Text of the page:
The Prudential Regulation Authority (PRA) has set out another round of reforms to the Solvency II regime in an attempt to unlock a wave of investment in the UK economy.
The UK government set out its plans for a post-Brexit overhaul of the EU’s Solvency II rules in November last year, with a view to unlocking billions in capital from insurance company balance sheets.
Today’s proposals relate to the matching adjustment. The matching adjustment allows insurers to recognise as upfront capital a proportion of the return they are confident of making on the assets held against long-term liabilities.
By enabling greater flexibility over which assets can be included in a matching adjustment portfolio, insurance firms will be able to free up funds to invest in other long-term assets in the UK.
In theory it should also mean that insurance firms are incentivised to closely match their asset and liability cash flows, reducing risk.
James Isden, KPMG UK insurance director, said: “Insurers will welcome the widening of asset eligibility for the Matching Adjustment to allow the inclusion of assets with ‘highly predictable’ cash flows”.
The reforms also removes the cap on sub-investment grade assets which can be included in insurer’s matching adjustment portfolios, a move which Isden said firms will support.
Sam Woods, chief executive of the PRA, which is run by the Bank of England, said: “These proposals aim to promote policyholder protection while enabling the annuity sector to meet its commitments to the Government to increase investment in the UK economy.”
While increasing the flexibility of assets which can be included, the PRA are putting more responsibility on senior managers to assure regulators of the expected cash flow coming from assets in the portfolio.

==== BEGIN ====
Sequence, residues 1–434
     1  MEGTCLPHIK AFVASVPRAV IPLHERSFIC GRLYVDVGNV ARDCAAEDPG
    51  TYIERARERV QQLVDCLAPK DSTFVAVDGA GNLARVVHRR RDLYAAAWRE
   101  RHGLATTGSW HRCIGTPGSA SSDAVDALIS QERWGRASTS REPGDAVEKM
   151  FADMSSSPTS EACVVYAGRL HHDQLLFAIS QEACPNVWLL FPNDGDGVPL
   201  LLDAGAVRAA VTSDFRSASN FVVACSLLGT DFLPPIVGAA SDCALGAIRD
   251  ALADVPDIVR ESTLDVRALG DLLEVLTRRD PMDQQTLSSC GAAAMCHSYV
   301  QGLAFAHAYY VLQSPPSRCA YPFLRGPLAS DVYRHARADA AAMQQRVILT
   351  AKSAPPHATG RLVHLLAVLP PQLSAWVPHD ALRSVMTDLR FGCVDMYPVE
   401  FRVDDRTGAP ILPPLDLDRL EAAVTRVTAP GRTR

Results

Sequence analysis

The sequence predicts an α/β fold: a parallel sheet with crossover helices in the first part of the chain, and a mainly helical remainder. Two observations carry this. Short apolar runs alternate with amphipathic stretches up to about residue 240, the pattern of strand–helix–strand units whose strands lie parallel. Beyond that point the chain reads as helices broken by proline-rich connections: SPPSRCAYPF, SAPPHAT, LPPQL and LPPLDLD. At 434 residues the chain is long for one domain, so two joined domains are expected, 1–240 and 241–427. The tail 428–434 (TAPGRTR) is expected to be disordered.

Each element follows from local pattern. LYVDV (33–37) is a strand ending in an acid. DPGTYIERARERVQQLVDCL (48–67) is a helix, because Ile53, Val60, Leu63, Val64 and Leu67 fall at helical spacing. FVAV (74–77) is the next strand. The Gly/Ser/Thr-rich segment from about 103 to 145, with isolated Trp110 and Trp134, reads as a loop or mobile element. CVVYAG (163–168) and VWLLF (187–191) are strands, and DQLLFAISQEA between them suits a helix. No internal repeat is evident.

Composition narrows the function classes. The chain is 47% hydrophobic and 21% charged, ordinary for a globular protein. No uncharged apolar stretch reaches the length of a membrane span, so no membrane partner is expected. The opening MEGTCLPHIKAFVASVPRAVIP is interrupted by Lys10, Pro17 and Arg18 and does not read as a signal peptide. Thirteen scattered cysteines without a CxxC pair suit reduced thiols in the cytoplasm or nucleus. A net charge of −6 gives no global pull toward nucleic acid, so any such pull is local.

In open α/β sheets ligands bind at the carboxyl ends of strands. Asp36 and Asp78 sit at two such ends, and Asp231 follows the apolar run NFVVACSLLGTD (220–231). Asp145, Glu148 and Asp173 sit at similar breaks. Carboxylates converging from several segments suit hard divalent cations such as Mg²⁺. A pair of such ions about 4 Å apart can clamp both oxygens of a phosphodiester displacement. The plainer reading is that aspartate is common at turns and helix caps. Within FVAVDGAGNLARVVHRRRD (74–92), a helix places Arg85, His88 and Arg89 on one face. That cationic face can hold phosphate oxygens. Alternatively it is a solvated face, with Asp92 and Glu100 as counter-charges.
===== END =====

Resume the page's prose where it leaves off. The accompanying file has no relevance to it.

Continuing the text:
Huw Evans, KPMG UK insurance partner, said: “Put simply, life insurers will gain some more freedoms but with significantly more complex responsibilities to go with them.”
The consultation for the matching adjustment reforms closes on 5 January with the reforms expected to be finalised and implemented by the middle of next year.
City minister Andrew Griffith said “this long-term decision for a brighter future will grow the economy and boost prosperity”.
Charlotte Clark, director of regulation at the Association of British Insurers (ABI), said “through our new Investment Delivery Forum, we’re committed to using the reforms to drive £100bn in green and good projects.
“This consultation brings us another step forward to acheiving that and we’ll continue to work closely with our members and the PRA throughout these final stages”.
The PRA published a consultation on the first stage of Solvency II reforms in June, which related mainly to the risk margin. The proposals sought to streamline reporting requirements and widen the scope for flexibility in investment decisions.
The consultation period for the first set of reforms closed at the beginning of September.